like defendants' in this case. We see no reason to conclude that Congress intended to prohibit all product development and testing work (potentially infringing conduct) which was inspired, in part, by a hope that it would someday lead to profitable sales. Again, if a party were to lose the exemption every time a business purpose was detectable in its otherwise infringing activities, the exemption would virtually never be available and thus would fail to achieve Congress' objective.
For all these reasons, Congress sensibly chose words in the exemption that would lead courts to focus not on "purposes" or motives, but on "uses," and not on collateral activities, but only on the kinds of conduct which, absent the exemption, would constitute infringement. In the context of this understanding, we have struggled with the question of what analytical significance, if any, to ascribe to the "effects" of the otherwise infringing "uses" by defendant of the patented material. Because we believe that Congress contemplated a strictly objective test (to determine whether the exemption attaches), and because we believe that Congress did not intend the availability of the exemption to turn on findings about a party's "purposes" or "motives," we believe that we should consider "effects" only to the extent that doing so is helpful in identifying what the actual uses have been, and not, obviously, to shed light on the designs or ambitions or goals ("purposes") that might have underlay those uses. Moreover, since what we are examining is actual, otherwise infringing uses, not purposes and not collateral activity, we conclude that the only kinds of "effects" to which it might be appropriate to ascribe appreciable significance in this analysis are those that are immediate and direct. We will concern ourselves little, if at all, with effects that are indirect, or in which the causal chain has several links. We will ignore altogether effects that are speculative or remote.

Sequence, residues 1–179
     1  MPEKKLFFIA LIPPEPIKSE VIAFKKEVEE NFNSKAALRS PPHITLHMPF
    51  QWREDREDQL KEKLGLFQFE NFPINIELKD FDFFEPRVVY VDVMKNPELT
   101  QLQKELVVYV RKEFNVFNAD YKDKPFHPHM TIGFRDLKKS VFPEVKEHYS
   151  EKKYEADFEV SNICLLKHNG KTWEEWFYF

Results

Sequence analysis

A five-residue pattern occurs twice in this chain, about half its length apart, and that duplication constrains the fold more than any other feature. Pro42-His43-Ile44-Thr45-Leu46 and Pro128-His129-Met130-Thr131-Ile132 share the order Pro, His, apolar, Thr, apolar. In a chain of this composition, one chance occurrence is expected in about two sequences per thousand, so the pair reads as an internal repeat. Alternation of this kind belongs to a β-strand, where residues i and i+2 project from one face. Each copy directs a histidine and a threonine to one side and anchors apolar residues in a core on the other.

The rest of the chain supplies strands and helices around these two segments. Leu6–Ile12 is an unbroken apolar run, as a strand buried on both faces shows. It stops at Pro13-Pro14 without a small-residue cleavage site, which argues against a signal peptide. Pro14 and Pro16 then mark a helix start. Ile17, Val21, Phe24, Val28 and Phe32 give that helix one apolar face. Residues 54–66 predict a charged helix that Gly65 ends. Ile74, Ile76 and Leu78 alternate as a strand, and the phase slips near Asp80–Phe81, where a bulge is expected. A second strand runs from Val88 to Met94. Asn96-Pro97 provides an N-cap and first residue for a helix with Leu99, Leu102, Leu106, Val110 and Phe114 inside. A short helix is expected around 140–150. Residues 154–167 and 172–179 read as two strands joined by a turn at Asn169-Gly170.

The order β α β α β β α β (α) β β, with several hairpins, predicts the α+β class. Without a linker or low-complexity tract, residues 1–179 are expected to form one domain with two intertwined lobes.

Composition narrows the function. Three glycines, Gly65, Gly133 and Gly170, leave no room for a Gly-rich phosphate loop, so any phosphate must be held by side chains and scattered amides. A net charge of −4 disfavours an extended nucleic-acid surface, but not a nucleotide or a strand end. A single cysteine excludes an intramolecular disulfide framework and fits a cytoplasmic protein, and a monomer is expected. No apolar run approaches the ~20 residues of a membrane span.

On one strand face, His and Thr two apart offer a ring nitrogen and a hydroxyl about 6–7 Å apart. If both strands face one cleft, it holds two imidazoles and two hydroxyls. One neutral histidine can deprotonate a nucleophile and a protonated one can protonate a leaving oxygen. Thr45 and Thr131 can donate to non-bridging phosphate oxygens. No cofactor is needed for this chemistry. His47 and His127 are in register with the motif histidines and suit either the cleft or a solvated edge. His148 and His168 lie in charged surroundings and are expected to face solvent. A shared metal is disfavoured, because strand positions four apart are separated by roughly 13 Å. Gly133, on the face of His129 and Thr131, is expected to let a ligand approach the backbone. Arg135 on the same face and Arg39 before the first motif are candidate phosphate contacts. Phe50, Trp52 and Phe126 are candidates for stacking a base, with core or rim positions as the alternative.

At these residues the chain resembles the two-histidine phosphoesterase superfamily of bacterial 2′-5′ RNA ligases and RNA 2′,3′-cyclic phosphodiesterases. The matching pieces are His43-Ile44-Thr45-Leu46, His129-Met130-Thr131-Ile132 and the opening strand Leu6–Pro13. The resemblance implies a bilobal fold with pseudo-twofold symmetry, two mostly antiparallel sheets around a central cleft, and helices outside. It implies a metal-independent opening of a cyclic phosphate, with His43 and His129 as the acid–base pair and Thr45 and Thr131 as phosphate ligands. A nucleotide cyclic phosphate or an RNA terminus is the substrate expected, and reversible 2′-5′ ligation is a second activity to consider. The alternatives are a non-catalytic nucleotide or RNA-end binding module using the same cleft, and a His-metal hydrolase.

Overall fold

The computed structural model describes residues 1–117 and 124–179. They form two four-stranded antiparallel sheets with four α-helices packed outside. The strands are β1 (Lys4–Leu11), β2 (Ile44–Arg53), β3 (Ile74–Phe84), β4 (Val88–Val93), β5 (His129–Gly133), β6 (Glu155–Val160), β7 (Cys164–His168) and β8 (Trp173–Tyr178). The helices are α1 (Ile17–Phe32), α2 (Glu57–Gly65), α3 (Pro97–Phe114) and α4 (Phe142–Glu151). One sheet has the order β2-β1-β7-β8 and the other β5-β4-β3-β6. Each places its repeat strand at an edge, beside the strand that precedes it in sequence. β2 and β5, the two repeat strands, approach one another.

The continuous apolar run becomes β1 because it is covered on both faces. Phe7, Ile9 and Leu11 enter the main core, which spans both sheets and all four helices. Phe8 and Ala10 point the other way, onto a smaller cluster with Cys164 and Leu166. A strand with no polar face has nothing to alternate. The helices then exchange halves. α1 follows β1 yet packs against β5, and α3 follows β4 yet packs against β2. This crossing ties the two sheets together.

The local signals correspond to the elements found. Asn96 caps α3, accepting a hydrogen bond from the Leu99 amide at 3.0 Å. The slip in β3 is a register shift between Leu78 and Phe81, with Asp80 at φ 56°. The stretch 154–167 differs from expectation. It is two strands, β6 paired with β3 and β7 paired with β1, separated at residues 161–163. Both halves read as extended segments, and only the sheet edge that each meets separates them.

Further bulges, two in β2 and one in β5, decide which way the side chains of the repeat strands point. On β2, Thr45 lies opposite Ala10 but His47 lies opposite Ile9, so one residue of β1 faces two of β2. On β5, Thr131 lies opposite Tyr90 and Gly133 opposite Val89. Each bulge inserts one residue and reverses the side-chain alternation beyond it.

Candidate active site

Thus, our inquiry is relatively straightforward. We focus only on those acts by Ventritex which would be deemed "infringing" but for § 271(e)(1) and in which Ventritex actually has engaged (as opposed to the acts in which the company might engage in the future). With respect to those actual acts, we do not ask what underlying motives might have inspired them or what indirect, ripple effects (e.g., long range consequential benefits) they might bring. Instead, we simply ask: are these actual uses "solely . . . reasonably related to the development and submission of information" to the FDA. If so, the exemption protects Ventritex. But if there are any actual, non-de minimis uses that are not reasonably related to generating data for the FDA, the exemption will not protect Ventritex.